The way I see stealth in space being a thing is that you would have to have extremely complicated and sophisticated hacking that essentially reaches out to any ship within range of sensing you and it ('it' being said program or effort) tells all of the observer's sensors that there isn't anything there.


The primary issue, as many posts have noted, is the challenges of thermodynamics. In order to cool something, you must make something else hotter. When you radiate heat into space, you make space hotter and your ship cooler. Of course by releasing this radiation, you will be able to be detected. You could try to store the energy on your ship, but this has drawbacks that others have noted.

Alternatively, one very good method would be to power your ship with negative energy! If you assume that negative energy is possible (you need it for gravity drives and stuff anyway), then you could store a large amount of negative energy and use it to provide power for your ship. In thermodynamics, energy flows from high to low, so by using negative energy your ship would actually be absorbing energy from the surrounding vacuum! There would be a net energy flux into the ship, rather than out of the ship. As a result, your ship would not radiate heat, but would instead be absorbing radiation from the surrounding space and be colder than the surrounding space. However, it could still be visible as a shadow against the background radiation. In this case, in order to be stealthy, you would just have to heat up your ship to 3 kelvins with an auxiliary positive energy power system, which you would need anyway to keep your crew from freezing. With this system, your sensors should work just fine. Whether or not your maneuvering would make you visible would depend on what propulsion technology you use. Assuming we are bending space, this would not give off radiation but could be detected with gravity sensors or by observing gravitational lensing around your ship. In general though, using a gravity drive would be much more difficult to detect than something like an ion drive.

  • 2
    $\begingroup$ This question is tagged with hard-science. As the panel under the question states, "All answers to this question should be backed up by equations, empirical evidence, scientific papers, other citations, etc. Answers that do not satisfy this requirement might be removed." To keep your answer around, please supply references. $\endgroup$
    – Azuaron
    Commented Apr 13, 2017 at 19:42

Stealth in space cannot exist unless you can achieve invisibility. Stars in space do not twinkle and every spot in the night sky contains stars.

The simplest sensor system would consist of high def cameras recording 360 degrees around the ship and a computer system watching for changes. Should stars suddenly disappear or reappear, it means something has moved in front of it and you can focus a telescope on it.

  • $\begingroup$ There would always be a certain threshold for how much change was needed to be detected, you could easily miss a ship in the vastness of space even with computerized systems as long as it doesn't get too close. $\endgroup$
    – Braydon
    Commented Sep 5, 2017 at 4:33
  • $\begingroup$ Last time I checked, it's difficult for space pirates to steal your stuff from a long way away as per the brief. Considered we can already detect planets from the wobble of the star thousands of light years away, the space pirates will need to be a really really long way away. $\endgroup$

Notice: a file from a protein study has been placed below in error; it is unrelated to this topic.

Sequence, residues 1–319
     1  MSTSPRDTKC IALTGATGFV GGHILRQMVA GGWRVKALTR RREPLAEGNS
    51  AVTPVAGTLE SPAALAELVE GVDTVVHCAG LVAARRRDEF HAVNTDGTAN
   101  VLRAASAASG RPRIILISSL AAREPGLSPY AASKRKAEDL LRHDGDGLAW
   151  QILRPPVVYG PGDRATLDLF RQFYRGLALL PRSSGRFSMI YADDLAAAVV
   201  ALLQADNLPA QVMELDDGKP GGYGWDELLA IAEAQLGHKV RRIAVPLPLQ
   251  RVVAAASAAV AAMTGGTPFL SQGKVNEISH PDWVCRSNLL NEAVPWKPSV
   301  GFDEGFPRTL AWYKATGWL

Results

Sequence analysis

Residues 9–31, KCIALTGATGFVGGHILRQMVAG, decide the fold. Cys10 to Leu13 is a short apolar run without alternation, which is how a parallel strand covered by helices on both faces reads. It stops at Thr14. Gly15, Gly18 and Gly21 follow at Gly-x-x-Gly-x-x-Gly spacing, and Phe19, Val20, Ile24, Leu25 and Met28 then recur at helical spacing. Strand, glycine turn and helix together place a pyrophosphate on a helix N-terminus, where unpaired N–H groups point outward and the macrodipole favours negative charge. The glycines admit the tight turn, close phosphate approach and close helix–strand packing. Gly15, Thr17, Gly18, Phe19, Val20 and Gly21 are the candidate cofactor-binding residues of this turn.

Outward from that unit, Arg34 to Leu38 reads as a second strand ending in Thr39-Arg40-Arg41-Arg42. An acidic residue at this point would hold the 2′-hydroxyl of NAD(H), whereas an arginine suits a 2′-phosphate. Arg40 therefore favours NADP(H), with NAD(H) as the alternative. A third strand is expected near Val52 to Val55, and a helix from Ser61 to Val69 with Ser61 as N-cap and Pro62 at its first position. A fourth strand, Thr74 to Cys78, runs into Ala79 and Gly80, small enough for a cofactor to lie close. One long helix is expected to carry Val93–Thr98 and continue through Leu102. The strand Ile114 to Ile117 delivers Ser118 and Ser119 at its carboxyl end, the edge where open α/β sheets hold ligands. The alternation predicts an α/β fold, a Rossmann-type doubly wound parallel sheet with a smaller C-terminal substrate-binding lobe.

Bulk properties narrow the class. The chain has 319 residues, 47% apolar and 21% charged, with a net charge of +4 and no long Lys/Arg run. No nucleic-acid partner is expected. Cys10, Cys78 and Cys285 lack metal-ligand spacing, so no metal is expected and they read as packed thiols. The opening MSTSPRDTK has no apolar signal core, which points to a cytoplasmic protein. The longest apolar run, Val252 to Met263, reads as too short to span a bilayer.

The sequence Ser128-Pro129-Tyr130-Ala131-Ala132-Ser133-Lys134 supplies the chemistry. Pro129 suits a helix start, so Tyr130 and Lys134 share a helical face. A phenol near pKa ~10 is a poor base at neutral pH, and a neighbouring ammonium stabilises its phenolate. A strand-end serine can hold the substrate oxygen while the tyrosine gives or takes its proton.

– Thorne
    Commented Sep 6, 2017 at 4:11

I am a passerby. Yet it seems likely that the question and answers above are misleading by using the term "stealth" as something identical to "cloaking."

They are different. F-22 Raptor is visible in IR and even with state-of-the-art active radar systems in close distances.

Yet F-22 is 'less' likely to be detected and 'less' likely to be hit by a IR-guided missile. Thus it suffices to be a stealth aircraft.

(F-22 is seen as a size of a bird through rgular radars. No bird can fly faster than the speed of sound. Then, you might think it will be easy to point out the aircraft and track it. Sadly, the answer is no.)

If any spacecraft successfully reduces its radiation to a degree that is indistinguishable from space debris, mechanical noise, or Asteoid. It is good to be regarded as stealthy.

Also there is a issue with Rayleigh's criterion. To run passive and active radars large enough to see throuh the 'vast' space.... is nothing but impractical.

Let's say a sapcecraft is equipped with a IR-detector with the diameter of 2.4m(equal to Hubble Telescope.) Rayleigh criterion says its can detect a heat source with an angular resolution of 0.1 arcsec at best.

If the 2.4m-diameter detector uses the shortest wavelength IR, it will see a 100m-long object as a small dot until the obeject gets as near as 200,000km.

200,000km is closer than the distance between the moon and the earth. Whether it is far enough or not is a relative question.

In addition, an asteroid with a diameter of 1km, traveling 2,000,000km away, look virtually identical. So do space debris with a diameter of 1m, traveling 2,000km away.

Since it is possible to cool down a part of the spacecraft that faces the observer, while emitting heated-up exhaust chunks to the space. Such dust may go invisible immediately thanks to the limit of angular resolurion.

How big will exhaust chunks be? Are IR radars capable of detecting such small things overcoming the vastness of the space? I am not sure...